However, supply and demand trends in the crude market are still lopsided, while prices are most likely to move sideway in the nearer future especially considering the absence of strong push or pull factors.
Over the weekend, American crude prices clawed back some ground after the major American currency got sold heavily.
Asian shares hit one-year high
Asian stocks managed to hit a one-year peak, following gloom American economic growth data, which ruined hopes that the Fed would lift interest rates in the nearer months.
American GDP surged at a 1.2% annual rate during the April-June period, which is less than a half of a 2.6% growth rate economists had expected.
Market participants have been shifting their money to Asia, that’s likely to be least influsenced by Brexit, while the Fed appears to be in no hurry to increase its interest rates.
MSCI's broadest index of Asia-Pacific stocks outside Japan soared 1.3%, getting to the highest level for about a year.
European shares are supposed to head north, with spread betters looking at surge of 0.7% in Germany's DAX as well as 0.4% in the UK’s FTSE.
Asian markets demonstrated quite limited reaction to a better-than-expected private poll on China's factory sector.
Meanwhile, the Caixin/Markit Manufacturing Purchasing Managers' index or PMI ascended to a 1 1/2-year peak of 50.6, thus beating market expectations for 48.7.
On Friday, Asian shares demonstrated mixed performance with traders waiting for word from the BOJ on the scope for further monetary easing.
The Nikkei 225 soared 0.24% ahead of the latest monetary policy review by the BOJ, while the S&P/ASX index headed north 0.04%.
In China, stocks dipped even as financial experts told that the banking regulator's proposals to restrict investment in equities across wealth-management products will have rather a limited effect on money flowing into the stock market.
The Shanghai Composite Index edged down 0.14%, while in Hong Kong the Hang Seng Index last traded at 0.52%.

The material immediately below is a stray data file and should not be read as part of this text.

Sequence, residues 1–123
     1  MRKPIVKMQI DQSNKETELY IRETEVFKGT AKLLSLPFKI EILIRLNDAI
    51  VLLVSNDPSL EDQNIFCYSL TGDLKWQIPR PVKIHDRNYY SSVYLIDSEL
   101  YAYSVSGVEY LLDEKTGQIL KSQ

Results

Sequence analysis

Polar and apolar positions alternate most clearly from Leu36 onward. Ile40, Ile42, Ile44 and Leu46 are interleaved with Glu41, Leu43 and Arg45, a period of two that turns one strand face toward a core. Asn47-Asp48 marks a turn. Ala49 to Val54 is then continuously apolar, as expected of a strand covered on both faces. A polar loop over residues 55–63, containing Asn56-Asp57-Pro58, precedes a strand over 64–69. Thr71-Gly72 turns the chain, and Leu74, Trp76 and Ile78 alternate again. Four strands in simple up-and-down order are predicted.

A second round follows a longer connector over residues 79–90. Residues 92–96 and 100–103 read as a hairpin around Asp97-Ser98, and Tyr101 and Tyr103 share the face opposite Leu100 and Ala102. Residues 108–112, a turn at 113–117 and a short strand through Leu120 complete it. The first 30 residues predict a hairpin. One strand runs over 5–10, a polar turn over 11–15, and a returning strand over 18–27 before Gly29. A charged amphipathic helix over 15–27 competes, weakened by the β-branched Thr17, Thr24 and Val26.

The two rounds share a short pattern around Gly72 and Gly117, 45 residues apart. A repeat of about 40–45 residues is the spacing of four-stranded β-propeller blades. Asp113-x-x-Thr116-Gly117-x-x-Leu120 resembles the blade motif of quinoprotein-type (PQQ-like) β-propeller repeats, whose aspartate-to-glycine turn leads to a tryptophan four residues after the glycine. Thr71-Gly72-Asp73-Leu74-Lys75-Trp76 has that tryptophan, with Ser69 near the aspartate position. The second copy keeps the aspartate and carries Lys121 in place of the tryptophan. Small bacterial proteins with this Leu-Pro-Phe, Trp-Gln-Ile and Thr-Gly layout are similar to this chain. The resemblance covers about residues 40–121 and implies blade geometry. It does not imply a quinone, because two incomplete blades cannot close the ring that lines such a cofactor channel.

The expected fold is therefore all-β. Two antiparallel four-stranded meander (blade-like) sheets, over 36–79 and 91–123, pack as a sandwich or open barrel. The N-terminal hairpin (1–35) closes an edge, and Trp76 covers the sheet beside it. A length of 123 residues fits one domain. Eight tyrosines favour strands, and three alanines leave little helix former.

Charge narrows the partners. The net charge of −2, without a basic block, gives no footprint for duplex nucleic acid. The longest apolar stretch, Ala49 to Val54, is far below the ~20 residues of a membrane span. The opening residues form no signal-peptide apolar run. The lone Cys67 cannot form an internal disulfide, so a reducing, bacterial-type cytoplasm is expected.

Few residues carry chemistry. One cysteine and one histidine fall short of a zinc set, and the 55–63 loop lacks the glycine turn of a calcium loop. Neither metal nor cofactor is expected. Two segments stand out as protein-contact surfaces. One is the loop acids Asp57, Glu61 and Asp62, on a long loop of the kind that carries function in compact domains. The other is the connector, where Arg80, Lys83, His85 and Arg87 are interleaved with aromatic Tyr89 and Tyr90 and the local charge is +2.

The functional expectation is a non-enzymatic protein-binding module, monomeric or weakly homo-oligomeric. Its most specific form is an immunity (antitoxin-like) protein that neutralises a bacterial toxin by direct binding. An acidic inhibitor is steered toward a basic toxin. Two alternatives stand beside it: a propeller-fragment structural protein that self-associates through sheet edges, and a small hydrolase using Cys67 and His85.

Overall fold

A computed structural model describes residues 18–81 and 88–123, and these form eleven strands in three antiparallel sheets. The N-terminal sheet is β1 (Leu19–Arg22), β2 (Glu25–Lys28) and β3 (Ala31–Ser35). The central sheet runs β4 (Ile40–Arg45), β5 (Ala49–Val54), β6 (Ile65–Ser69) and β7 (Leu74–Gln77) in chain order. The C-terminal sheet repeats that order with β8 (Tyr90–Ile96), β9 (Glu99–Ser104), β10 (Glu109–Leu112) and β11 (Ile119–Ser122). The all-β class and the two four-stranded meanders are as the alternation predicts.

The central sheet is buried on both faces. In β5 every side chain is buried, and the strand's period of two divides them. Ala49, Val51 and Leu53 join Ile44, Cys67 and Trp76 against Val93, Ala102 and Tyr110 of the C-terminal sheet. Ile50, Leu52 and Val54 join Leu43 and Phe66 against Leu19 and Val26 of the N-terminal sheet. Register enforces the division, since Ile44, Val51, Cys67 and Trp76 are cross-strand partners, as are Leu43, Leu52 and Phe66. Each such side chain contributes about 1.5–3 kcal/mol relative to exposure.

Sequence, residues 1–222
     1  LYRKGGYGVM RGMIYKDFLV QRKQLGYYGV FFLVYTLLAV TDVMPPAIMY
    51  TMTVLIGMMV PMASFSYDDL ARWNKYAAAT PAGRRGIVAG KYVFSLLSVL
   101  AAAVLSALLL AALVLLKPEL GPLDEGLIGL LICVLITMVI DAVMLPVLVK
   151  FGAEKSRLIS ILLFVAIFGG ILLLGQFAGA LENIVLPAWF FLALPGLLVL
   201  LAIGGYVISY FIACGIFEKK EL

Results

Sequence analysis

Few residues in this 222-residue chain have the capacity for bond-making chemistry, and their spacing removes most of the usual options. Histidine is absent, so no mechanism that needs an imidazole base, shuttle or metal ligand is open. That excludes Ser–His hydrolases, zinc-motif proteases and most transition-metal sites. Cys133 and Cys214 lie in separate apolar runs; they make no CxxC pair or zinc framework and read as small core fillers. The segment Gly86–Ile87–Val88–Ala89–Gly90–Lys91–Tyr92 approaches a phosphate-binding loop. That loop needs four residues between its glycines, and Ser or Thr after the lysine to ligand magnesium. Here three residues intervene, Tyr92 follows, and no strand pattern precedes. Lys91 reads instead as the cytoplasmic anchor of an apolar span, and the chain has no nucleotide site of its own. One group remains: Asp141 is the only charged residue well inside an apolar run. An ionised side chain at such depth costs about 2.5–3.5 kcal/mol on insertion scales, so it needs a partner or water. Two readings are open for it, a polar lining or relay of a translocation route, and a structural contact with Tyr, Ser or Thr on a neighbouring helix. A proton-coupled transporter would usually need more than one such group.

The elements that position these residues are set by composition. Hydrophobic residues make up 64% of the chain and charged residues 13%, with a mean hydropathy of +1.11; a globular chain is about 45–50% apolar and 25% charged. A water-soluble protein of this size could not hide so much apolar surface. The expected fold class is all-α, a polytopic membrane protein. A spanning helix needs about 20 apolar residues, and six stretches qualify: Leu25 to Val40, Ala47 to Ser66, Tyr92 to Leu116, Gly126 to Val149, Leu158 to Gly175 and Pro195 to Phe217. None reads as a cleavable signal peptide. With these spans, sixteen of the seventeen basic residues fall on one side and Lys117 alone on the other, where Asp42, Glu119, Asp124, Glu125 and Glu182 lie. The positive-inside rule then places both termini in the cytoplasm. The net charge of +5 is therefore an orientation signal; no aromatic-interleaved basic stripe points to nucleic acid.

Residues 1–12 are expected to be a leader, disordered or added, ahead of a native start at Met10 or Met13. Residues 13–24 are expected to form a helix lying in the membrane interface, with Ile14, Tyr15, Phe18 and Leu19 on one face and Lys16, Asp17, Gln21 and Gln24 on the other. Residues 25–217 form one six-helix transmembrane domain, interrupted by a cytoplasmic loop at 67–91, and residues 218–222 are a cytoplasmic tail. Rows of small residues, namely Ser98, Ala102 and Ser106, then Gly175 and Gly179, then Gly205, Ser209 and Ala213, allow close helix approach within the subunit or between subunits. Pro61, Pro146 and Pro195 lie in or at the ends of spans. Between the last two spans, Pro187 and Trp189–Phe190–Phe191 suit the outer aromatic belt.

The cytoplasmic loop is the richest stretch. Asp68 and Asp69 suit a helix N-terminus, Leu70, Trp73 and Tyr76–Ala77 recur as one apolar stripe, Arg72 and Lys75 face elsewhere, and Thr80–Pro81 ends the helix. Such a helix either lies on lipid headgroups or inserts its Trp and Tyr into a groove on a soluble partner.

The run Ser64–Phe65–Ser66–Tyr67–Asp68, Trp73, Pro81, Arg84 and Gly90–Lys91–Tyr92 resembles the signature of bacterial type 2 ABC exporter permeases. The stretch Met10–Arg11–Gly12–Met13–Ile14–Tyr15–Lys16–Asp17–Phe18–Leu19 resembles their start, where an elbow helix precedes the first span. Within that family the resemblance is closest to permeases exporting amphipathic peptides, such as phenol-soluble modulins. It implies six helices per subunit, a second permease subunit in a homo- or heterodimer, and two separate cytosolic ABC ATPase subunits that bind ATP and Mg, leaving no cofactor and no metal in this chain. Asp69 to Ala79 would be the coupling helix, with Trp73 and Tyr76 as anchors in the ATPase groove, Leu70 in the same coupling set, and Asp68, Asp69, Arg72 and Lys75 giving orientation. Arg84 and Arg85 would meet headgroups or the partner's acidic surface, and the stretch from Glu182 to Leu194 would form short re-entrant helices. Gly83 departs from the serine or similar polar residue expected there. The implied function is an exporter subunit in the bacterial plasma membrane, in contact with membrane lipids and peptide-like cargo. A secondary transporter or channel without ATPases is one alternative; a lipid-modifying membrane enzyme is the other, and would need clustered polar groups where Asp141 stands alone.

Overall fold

Overnight, American shares mostly stood still on Thursday, being in tight, range-bound trade, because a downbeat quarter from Ford Motor Company as well as ongoing drops in crude prices compensated momentum from decent results in the technology sector on the busiest day of second quarter earnings season.
The Dow Jones Industrial Average sagged 15.82, showing a 0.09% dip and hitting 18,456.35.
FTSE 100 drops as Shell, Lloyds sag after earnings reports
Yesterday, British blue-chip shares went down as market participants absorbed a storm of corporate earnings updates with stocks of Royal Dutch Shell PLC as well as Lloyds Banking Group PLC dropping after their data.
The FTSE 100 tumbled 0.1%, being worth 6,746.48, though it had been down by more during the early trading session On Wednesday, the index closed +0.4%, hitting 6,750.43, the best outcome since last August.
The prospect of the US interest-rate hike was helping to get the London benchmark out from that 2016 peak. Late Wednesday, the Fed kept the door open for an interest-rate lift in September, stressing that near-term risks to its outlook have decreased.
Shell stocks sagged 3.2% after the crude major reported a dip in its second-quarter revenue, telling that lower crude prices still remain a serious challenge across the business, especially in the upstream. Its adjusted revenues of $1.05 billion dipped short of a $2.27 billion forecast drawn from a Wall Street Journal survey of experts.
On Monday, the Japanese stock reported the biggest daily revenue in four months, erasing last week's losses due to concerns of Brexit.
Nikkei index of Japanese Stock Average closed up +4% amid rising expectations for a new fiscal stimulus package, will recovery economy, the third largest one in the world. The move appears to the best daily revenue for Japanese shares from March 2nd, when the benchmark rose 4.1%.
Elsewhere in the region, S&P / ASX 200 Australia closed +2%, South Korean's Kospi Index rose 1.3%, while the Hang Seng Index in Hong Kong rose 1.6%. In China, the Shanghai Composite Index was up 0.2%.
Japanese stocks soared after Sunday, the ruling coalition of Prime Minister Shinzo Abe, headed by Liberal Democratic Party, improved its control of the upper house. Accordingly, coalition's firmer grip simply, which means that policy makers are more freedom when they approve the fiscal stimulus package.
On Monday, Mr. Abe said on Tuesday, his cabinet will have plans for a stimulus package, although he did not specify the size.
Prospects of economic stimulus policies encourage market participants, who were cheered by the spirit of the US jobs data that was stronger than expected on Friday.